Paraguay signed an agreement back in 1971 for which it has since received a surplus of energy, which now it’s struggling to handle. The country used to sell the excess to Brazil. Still, it’s not feasible for the future, so this option ensures long-term benefits and the opportunity to increase technology adoption within the area.
Do miners have greener alternatives?
Of course, it’s hard to tell if Bitcoin will ever become that sustainable to overcome all its current challenges. And considering it’s the most prominent and strongest cryptocurrency on the market, investors will be most affected. Ethereum might be in second place but doesn’t reach the same financial value.
However, better alternatives for Bitcoin are already strong on the market, and more will be developed soon to fight increased gas fees and network congestion. Here are some notable examples of sustainable digital currencies:
- Cardano is the first peer-review blockchain with ADA coins that can be used for faster transactions compared to Bitcoin. The blockchain is also great for digital contracts and dApps;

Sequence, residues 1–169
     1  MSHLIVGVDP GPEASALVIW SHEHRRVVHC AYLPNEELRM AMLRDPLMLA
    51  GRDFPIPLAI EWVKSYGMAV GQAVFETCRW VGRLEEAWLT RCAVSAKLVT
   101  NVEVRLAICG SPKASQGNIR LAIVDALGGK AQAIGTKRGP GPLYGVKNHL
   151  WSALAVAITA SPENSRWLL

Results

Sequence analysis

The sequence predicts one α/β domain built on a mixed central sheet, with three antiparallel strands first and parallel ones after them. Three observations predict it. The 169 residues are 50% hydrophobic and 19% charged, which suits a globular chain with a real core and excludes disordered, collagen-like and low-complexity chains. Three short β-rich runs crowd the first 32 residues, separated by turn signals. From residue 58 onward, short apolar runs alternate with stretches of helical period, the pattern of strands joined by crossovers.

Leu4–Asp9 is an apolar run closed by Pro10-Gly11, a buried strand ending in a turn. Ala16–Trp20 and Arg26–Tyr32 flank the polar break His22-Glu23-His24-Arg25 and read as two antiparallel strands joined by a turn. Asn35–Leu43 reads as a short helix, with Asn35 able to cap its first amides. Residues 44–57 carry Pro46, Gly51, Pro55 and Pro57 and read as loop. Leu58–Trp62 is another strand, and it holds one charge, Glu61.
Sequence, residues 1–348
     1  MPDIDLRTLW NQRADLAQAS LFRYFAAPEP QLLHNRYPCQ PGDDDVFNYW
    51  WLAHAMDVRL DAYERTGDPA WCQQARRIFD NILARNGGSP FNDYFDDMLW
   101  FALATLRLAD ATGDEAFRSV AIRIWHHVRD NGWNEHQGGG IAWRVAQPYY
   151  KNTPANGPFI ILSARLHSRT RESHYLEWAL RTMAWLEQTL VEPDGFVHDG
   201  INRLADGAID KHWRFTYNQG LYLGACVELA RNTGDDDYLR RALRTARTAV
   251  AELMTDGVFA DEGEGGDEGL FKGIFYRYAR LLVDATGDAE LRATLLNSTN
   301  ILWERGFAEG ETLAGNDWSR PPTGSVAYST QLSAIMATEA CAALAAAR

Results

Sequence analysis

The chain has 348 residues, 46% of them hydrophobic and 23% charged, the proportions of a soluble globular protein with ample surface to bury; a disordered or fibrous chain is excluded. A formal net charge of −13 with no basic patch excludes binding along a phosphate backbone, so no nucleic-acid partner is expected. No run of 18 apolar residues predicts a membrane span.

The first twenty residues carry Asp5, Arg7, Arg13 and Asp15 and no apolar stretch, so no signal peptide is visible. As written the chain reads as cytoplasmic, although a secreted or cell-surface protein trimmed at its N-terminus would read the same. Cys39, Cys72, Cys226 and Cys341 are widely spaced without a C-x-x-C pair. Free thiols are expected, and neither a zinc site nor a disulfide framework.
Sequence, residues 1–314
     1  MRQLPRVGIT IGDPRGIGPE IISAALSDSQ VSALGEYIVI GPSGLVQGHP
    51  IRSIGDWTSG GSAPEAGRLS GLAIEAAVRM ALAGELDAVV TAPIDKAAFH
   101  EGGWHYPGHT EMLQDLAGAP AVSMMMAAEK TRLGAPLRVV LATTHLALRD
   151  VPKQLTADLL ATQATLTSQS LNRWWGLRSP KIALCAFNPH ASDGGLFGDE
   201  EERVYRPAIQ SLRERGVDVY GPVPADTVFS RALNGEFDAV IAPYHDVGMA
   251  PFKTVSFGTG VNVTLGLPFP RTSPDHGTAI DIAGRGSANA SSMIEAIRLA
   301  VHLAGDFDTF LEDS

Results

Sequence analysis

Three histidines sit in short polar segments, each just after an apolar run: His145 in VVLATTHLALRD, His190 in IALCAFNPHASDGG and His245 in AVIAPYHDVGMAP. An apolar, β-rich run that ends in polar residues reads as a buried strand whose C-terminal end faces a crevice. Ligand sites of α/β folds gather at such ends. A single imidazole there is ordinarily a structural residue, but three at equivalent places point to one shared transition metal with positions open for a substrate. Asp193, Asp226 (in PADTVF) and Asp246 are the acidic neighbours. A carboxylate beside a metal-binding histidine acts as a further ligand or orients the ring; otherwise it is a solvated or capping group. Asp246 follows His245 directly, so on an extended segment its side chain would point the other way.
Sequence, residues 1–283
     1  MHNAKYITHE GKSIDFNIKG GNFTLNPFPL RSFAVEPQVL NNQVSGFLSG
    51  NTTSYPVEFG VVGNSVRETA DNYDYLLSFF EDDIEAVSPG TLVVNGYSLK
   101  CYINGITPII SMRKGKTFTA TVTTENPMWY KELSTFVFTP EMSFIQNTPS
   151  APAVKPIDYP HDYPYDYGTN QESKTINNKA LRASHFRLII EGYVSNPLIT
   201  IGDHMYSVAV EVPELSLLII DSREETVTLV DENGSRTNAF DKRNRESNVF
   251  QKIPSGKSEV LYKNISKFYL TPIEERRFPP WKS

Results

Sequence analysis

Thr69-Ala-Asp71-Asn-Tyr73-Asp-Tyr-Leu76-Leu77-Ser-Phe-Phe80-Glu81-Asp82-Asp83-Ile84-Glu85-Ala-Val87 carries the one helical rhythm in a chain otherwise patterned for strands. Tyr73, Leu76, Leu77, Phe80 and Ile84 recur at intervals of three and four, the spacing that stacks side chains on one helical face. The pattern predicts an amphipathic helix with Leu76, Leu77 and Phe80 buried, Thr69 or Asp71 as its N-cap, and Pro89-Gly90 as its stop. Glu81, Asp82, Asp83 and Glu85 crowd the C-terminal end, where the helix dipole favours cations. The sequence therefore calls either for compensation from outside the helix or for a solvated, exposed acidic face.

- Algorand leverages a carbon-negative network, so there’s no mining involved since it was already designed to reduce environmental impact;
- Stellar is known as a decentralized alternative to PayPal, and it doesn’t charge for using it, but it is one of the most cost-effective solutions on the market;
What happens to miners after Bitcoin’s coin supply ends?
Another problem of Bitcoin is its limited coin supply, which is supposed to reach an end around 2140 when all bitcoins are to be mined. You may be wondering what happens to mining at that point and if the cryptocurrency will still be valuable as it is today.
While it’s impossible to say precisely what will happen, experts released some suppositions based on Bitcoin’s history. It’s expected that after all 21 million coins are mined, no more bitcoin will be released to the market. Bitcoin might become more volatile during this process since decreased supply means increased demand, leading to a price surge. As the demand stays the same over time, the price can drop or remain stagnant.
Still, transactions will continue to be pooled and processed, while miners will continue being compensated, but only through transaction processing fees. This will be possible only if Bitcoin is still used as a value store.
There’s also the possibility of Bitcoin becoming less worth using, which might lead to miners trying to gain control of mining resources, which will increase transaction fees unnecessarily. At the same time, miners might hide blocks and release them to issue new ones in the blockchain. But we’ll know more about the future as Bitcoin evolves.
Bitcoin’s reputation as a valuable digital currency crossed the oceans, but so did its effect on the planet. Mining Bitcoin is one of the most dangerous activities for the environment, posing sustainability issues. While this is a real issue, companies are trying to make it easier to use and mine for the long term.